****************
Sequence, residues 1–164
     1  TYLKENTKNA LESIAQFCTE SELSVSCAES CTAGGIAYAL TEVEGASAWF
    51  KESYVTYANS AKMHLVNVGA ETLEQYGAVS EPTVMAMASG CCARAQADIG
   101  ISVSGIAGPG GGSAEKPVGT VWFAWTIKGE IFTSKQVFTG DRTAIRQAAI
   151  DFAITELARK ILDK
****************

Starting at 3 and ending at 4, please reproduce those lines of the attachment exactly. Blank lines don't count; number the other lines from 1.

    51  KESYVTYANS AKMHLVNVGA ETLEQYGAVS EPTVMAMASG CCARAQADIG
   101  ISVSGIAGPG GGSAEKPVGT VWFAWTIKGE IFTSKQVFTG DRTAIRQAAI